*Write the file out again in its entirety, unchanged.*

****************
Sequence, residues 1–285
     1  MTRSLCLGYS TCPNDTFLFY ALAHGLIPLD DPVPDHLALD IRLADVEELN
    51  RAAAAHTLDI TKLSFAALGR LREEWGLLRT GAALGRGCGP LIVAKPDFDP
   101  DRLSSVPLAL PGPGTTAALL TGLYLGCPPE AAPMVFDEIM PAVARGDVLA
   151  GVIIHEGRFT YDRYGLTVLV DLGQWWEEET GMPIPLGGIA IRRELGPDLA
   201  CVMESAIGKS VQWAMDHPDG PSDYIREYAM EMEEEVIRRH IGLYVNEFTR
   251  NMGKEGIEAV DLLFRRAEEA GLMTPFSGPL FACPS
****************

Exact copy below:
Sequence, residues 1–285
     1  MTRSLCLGYS TCPNDTFLFY ALAHGLIPLD DPVPDHLALD IRLADVEELN
    51  RAAAAHTLDI TKLSFAALGR LREEWGLLRT GAALGRGCGP LIVAKPDFDP
   101  DRLSSVPLAL PGPGTTAALL TGLYLGCPPE AAPMVFDEIM PAVARGDVLA
   151  GVIIHEGRFT YDRYGLTVLV DLGQWWEEET GMPIPLGGIA IRRELGPDLA
   201  CVMESAIGKS VQWAMDHPDG PSDYIREYAM EMEEEVIRRH IGLYVNEFTR
   251  NMGKEGIEAV DLLFRRAEEA GLMTPFSGPL FACPS